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Financial Literacy for Kids under New Syllabus

Who is watching over your wallet? 

Who is responsible for the 2008 financial crisis that brought the whole world into deep troubles? Banks that take excessive risks? Probably. Governments that impose insufficient regulations? Maybe. We as common people tend to point fingers at others, while forgetting that we may also be guilty of making the crisis happen. Do we borrow above our means to repay? Do we have proper financial planning for our own families? Unwittingly, many of the consumers become the unnamed culprits for the crisis. While the damage has been done, the question remains that how should we avoid a similar one in the future? The Ministry of Education offers an answer.

It all starts from the young

The answer is to introduce financial education for secondary school students in Singapore. Elective modules are introduced aiming at teaching the ability to manage one’s finances and those of one’s family, with focuses on issues such as credit problems or household debts. Such initiative is the first of its kind in Singapore. Before the launch of the initiative, the financial awareness education may be limited to activities such as the National Cashflow Competition. However, this time the MOE puts financial planning as part of the formal education, elevating its status in the secondary schools. Moreover, the secondary schools may actually be an ideal place to start such an education, because children at the young age are malleable and more receptive to value inculcation. Since such education starts from the young, what are the implications of increasing emphasis on financial education among young children?

Put money into their hands

The initiative challenges the idea that children should not handle money because they are too young for that. Many parents take whole control of their children’s finances, giving strictly controlled pocket money and often monitoring how their little ones are spending on their own. The lack of trust in young students for managing their own money well may hamper their financial planning ability when they grow up. It is a wrong assumption that a grown-up will automatically know how to spend; rather, spending one’s money well is a skill that needs to be taught. Hence, the Ministry’s decision to incorporate the skills in the secondary school system is a welcome move to empower young students to watch over their own wallets. The skills taught are likely to have long-term consequences to students, their families and even the society as a whole.

Money and families

All children will grow up and form their own families. They will be owners not only of their wallets, but their bank accounts, assets such as houses and investment such as purchases in the stock market. If they have been taught how to manage one’s money, they will bring the skills into managing their household expenditures. They will know how to assess the risks of borrowing, they will do proper budgeting for the families, and more importantly, they will know the danger of greed and rein in expenditures incurred by envy, jealousy or peer pressures. As many people are going into debt with rising costs on things like housing, education and healthcare, it is imperative that our future generation knows how to balance between needs and wants. People may appreciate the kind of education they received when they were young when they realized how they have potentially avoided devastating and unmanageable household debts.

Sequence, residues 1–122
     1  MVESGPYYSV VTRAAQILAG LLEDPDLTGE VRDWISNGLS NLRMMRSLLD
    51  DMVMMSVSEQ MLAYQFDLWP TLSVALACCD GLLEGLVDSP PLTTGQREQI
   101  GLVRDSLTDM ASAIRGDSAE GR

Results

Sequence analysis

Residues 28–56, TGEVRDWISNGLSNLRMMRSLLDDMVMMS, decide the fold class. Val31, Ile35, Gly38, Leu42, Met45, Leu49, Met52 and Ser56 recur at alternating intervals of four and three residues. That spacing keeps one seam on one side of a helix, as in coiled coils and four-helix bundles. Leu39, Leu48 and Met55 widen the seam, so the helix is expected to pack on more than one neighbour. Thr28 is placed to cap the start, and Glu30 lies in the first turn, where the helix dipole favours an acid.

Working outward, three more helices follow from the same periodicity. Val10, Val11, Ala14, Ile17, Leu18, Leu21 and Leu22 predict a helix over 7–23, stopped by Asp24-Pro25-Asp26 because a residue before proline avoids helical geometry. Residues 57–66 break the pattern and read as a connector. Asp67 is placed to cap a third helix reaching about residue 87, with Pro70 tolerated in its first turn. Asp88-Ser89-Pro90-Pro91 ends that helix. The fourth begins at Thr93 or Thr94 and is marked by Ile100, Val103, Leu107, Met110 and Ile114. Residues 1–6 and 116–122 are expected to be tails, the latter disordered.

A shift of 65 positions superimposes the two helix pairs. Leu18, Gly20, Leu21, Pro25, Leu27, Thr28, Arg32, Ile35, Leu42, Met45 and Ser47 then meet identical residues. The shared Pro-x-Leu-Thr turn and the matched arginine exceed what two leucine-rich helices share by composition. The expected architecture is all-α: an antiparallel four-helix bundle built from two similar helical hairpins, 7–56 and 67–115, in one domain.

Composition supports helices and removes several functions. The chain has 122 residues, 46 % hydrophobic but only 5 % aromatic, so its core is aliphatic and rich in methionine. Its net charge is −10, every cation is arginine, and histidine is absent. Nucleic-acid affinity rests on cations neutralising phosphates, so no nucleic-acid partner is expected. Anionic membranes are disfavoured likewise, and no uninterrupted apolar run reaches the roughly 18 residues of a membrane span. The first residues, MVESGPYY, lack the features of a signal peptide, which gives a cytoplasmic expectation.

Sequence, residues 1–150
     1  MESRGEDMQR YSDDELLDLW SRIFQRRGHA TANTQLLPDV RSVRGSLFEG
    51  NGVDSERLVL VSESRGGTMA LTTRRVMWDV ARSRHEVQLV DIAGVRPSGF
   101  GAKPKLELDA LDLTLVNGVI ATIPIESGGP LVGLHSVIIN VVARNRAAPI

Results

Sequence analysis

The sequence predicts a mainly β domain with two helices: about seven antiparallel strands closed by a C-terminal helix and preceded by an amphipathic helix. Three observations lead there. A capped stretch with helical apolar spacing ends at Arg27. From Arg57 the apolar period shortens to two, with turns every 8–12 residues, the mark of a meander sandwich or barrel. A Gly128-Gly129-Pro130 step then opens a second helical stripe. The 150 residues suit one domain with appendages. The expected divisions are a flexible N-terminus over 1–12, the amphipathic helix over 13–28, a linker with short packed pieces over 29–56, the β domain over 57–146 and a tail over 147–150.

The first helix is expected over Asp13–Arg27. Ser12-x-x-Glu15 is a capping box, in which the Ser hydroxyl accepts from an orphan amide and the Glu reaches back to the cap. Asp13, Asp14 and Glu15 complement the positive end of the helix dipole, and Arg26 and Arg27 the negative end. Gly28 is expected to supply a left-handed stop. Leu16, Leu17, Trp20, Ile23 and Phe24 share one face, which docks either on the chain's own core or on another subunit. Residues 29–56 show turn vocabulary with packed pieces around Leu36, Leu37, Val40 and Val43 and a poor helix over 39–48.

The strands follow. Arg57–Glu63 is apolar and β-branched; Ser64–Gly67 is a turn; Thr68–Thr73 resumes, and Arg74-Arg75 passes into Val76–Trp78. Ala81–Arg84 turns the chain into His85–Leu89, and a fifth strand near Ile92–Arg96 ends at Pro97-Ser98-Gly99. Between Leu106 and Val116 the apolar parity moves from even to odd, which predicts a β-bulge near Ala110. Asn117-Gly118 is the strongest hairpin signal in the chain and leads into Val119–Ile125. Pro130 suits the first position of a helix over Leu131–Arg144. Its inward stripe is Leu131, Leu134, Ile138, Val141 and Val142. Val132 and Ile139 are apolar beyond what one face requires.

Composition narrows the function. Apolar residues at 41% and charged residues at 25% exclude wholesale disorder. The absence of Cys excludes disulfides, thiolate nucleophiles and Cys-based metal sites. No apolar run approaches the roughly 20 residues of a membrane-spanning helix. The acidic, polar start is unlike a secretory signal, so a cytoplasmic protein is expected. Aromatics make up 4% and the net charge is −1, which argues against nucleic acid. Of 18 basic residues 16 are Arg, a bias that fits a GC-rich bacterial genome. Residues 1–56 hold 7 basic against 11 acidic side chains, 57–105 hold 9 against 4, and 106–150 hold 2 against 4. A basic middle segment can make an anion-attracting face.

Money and society

Not only will families benefit, the whole society will become a better place with citizens who are more financially educated. Banks may be creating attractive and risky financial products, but nothing would be sold without its customers. Imagine if millions of the American households know the danger of buying physical assets by cheap credits, the whole world might be spared of the financial tsunami. Singapore also experiences the heat of investment, which could damage the whole society if much of the investment is conducted in an irresponsible manner. Because consumers create trouble mostly unaware of the larger picture, it falls upon the educational institutions to teach people where the ‘red line’ of investment is. Of course, a few modules in secondary schools won’t create miracles by completely preventing the next financial turmoil. But they certainly help to instill the importance of proper financial management that a student may continue to learn throughout his or her life. It is good enough to put children at the start of the long journey of financial education that is a mixture of technical skills, experiences and judgment.

With the gambling industry in Singapore on the rise, the likelihood of bad household management is at the record high. Hence the new modules are a timely addition to the education syllabus to make it relevant to the needs and challenges of society. With the stake for families and society so high when one fails to be a good manager of money, learning financial planning isn’t just an intellectual exercise or an extra-curriculum activity; it may be called a moral duty.

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